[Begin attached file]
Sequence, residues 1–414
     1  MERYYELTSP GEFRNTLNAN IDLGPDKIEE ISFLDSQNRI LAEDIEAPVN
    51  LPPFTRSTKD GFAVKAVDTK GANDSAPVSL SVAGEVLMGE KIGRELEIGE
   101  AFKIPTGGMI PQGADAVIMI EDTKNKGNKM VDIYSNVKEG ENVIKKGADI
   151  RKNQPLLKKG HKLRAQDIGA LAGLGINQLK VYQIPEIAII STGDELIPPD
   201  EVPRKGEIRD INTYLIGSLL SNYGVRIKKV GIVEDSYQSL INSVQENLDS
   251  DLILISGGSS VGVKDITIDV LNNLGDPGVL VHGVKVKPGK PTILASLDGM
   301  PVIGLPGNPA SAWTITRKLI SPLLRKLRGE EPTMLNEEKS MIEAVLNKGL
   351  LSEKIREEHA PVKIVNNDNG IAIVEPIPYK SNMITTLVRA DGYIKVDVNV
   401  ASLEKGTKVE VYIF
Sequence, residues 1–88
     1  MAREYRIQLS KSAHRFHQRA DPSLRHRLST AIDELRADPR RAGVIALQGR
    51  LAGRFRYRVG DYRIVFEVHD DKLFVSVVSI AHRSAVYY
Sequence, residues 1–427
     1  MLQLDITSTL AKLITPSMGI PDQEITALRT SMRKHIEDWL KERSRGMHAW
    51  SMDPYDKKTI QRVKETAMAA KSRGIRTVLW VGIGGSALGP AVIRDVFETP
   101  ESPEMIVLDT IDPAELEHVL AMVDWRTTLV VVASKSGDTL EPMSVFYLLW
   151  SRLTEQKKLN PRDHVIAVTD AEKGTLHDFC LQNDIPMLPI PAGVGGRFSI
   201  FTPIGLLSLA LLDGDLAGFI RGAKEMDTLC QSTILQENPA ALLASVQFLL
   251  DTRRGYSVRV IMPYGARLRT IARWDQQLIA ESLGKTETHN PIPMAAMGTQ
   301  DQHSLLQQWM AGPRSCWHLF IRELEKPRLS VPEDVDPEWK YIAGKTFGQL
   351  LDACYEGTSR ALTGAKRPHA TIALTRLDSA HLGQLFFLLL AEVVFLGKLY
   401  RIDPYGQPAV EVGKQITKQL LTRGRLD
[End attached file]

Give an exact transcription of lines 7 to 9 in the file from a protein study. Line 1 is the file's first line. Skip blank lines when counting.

   251  DLILISGGSS VGVKDITIDV LNNLGDPGVL VHGVKVKPGK PTILASLDGM
   301  PVIGLPGNPA SAWTITRKLI SPLLRKLRGE EPTMLNEEKS MIEAVLNKGL
   351  LSEKIREEHA PVKIVNNDNG IAIVEPIPYK SNMITTLVRA DGYIKVDVNV